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Joey Vera – Bassist for Armored Saint/Fates Warning, solo artist and record producer/engineer



Date: 03/27/07
Interviewed By: Rich Catino

 

 

1. So tell us about why you called your solo album “A Chinese Firedrill”? JOEY: Well with this solo album I am doing everything on my own, shopping it around and that. Its not out on a label yet but it is available through www.cdbaby.com . Its an online distributor. They basically sell your stuff for you, you have to produce and print everything up, which I did, and then you ship it to them. They keep it in stock for you so its pretty cool. I’ve actually sold quite a few through them already so it does the job.

In reference to question as to why Metal Blade didn’t want to put it out since I’m already associated with them through my other bands Armored Saint and Fates Warning, its really not their cup of tea, it just doesn’t fit into the type of bands they already have on the label. Most of their bands are really heavy, metalcore thrash bands. And my record is very different more experimental than those type of bands. I mean even if they picked it up they probably wouldn’t do much with it because they have bands like Unearth, Cannibal Corpse, As I Lay Dying, all these real heavy bands.

The name of the album is something I just came across one day,….if you look up what a Chinese Firedrill is in the dictionary its defined as a chaotic and ineffective exercise. So I thought that was kind of funny, and ironic given the type of music I was writing for this solo album. Made sense to me.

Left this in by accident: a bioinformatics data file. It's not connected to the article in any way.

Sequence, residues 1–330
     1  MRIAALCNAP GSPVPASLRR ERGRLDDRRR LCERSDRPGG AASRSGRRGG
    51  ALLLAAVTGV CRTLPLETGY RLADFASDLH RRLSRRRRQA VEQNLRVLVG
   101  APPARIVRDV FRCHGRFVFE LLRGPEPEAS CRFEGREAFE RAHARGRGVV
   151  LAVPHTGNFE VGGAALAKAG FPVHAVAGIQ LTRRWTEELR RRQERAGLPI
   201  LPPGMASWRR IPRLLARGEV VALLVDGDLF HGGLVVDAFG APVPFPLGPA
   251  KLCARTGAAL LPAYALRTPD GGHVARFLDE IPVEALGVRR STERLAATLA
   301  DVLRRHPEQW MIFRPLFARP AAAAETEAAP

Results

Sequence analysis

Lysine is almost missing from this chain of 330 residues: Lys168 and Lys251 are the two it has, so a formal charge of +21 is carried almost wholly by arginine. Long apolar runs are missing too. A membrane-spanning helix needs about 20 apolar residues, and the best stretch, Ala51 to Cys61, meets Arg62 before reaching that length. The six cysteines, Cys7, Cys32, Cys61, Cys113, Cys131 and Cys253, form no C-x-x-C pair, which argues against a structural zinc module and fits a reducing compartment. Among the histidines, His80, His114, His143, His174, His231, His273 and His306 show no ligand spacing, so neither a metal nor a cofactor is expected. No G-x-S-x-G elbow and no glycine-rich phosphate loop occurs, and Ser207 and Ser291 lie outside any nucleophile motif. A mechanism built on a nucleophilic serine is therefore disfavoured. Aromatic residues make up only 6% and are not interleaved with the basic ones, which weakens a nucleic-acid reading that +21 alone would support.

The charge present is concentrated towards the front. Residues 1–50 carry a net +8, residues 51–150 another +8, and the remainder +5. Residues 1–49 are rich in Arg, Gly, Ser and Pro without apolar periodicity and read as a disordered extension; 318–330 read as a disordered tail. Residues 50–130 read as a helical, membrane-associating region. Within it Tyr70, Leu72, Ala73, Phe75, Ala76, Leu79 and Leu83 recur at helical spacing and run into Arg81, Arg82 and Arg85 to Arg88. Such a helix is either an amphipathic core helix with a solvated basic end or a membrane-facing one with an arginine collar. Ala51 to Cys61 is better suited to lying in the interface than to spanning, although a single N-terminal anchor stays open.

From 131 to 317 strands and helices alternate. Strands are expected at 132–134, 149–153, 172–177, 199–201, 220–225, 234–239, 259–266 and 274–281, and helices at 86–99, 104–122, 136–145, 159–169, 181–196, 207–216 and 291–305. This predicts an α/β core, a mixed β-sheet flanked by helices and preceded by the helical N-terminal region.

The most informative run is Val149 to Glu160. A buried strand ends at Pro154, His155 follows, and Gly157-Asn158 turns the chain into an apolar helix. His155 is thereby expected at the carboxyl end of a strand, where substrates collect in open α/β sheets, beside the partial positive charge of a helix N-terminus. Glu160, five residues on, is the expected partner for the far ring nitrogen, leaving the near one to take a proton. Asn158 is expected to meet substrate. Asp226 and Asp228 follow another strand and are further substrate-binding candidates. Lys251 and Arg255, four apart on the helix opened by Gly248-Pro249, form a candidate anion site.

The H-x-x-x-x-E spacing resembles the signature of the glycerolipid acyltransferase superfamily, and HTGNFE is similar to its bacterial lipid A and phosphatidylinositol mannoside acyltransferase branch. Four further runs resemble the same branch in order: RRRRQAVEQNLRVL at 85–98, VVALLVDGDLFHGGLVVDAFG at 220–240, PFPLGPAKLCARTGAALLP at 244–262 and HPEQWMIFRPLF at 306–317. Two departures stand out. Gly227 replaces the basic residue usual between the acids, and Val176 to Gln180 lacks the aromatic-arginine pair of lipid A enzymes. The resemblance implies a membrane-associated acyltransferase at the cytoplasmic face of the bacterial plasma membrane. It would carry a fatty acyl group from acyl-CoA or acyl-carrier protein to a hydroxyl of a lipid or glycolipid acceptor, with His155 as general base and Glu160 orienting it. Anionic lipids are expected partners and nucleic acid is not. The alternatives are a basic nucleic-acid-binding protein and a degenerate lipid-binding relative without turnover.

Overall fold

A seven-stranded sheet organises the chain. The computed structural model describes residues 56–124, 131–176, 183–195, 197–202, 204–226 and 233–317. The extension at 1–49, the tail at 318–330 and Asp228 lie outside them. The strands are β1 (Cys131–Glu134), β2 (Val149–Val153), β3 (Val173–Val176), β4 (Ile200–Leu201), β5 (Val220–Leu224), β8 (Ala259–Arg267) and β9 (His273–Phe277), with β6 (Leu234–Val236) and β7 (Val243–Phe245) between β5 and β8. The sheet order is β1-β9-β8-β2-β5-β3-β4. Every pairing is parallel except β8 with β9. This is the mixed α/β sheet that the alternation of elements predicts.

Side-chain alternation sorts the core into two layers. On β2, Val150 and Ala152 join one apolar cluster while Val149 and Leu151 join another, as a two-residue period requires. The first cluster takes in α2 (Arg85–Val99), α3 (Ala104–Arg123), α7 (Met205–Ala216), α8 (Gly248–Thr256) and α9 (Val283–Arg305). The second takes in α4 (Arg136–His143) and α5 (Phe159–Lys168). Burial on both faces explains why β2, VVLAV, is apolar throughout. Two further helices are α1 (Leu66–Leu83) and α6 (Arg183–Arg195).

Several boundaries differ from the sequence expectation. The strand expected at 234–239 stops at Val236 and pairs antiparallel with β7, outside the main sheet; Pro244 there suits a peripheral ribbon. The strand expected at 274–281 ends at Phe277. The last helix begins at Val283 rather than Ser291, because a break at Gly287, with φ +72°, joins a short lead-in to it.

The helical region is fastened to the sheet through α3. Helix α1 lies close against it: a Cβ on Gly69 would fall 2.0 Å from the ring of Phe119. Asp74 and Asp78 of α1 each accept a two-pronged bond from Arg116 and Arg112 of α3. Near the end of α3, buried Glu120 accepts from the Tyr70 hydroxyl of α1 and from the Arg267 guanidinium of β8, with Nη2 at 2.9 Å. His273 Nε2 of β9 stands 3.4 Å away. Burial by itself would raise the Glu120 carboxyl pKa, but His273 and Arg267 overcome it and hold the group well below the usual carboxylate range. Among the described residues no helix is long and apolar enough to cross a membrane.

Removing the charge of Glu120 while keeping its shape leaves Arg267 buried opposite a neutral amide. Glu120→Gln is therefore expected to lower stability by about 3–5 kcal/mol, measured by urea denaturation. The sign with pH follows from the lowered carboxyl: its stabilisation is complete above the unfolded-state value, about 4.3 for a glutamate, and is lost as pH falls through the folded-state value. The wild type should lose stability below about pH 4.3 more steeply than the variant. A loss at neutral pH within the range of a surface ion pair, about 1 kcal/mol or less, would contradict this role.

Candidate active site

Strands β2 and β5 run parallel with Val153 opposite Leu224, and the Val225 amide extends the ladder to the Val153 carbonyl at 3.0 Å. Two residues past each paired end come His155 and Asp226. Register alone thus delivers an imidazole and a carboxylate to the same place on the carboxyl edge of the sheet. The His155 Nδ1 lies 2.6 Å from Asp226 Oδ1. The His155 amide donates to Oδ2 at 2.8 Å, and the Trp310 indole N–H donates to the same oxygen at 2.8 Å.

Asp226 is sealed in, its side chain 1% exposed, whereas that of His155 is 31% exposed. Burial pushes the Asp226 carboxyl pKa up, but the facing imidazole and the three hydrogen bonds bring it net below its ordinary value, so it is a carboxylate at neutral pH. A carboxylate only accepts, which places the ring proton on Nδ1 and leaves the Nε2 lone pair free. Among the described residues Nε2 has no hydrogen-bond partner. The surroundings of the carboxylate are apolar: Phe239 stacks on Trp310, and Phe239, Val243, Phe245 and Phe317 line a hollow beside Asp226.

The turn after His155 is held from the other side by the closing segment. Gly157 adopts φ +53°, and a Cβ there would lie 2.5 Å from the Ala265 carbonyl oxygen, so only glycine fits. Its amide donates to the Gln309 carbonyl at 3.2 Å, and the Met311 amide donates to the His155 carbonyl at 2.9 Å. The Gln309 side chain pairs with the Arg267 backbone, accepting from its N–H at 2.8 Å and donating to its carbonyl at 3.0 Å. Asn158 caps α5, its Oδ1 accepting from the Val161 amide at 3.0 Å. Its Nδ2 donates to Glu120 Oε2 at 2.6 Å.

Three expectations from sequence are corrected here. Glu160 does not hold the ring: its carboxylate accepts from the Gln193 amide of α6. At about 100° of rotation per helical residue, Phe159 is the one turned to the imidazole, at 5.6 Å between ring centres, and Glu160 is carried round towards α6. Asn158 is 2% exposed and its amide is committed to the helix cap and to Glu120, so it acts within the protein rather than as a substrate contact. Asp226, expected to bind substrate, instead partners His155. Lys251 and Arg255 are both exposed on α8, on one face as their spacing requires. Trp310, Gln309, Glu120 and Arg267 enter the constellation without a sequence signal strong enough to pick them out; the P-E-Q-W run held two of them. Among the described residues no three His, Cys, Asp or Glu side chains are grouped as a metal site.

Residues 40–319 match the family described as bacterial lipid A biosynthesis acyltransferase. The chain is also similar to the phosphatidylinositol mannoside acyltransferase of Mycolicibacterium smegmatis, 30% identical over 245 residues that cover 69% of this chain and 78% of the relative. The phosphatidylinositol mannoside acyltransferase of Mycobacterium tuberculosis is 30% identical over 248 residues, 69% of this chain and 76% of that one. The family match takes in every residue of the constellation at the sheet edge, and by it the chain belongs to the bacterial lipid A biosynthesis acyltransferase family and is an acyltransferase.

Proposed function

2. What was your goal with this album. Were you going for a particular message or musical direction?

JOEY: Yeah what the fuck was I trying to do (laughs). Umm you know what it is something I’ve been wanting to do for quite a while ever since I did my first solo record in the early 90’s after Armored Saint disbanded. I had a bunch of time on my hands then and the music had no direction really with that first record. So since then I wanted to do something a bit more focused. In the early 90’s and 2000’s I got back into more progressive music, and it probably came through my association with Fates Warning. But revisiting bands like Jethro Tull, Yes, ELP, Genesis, Rush, all this older stuff that was basically a part of me when I was growing up. And on a side note I was also listening to Black Sabbath, Thin Lizzy and Zepplin along with the more progressive rock bands. So then I started discovering newer bands like Opeth and Porcupine Tree and I started to really listen to that music a lot more.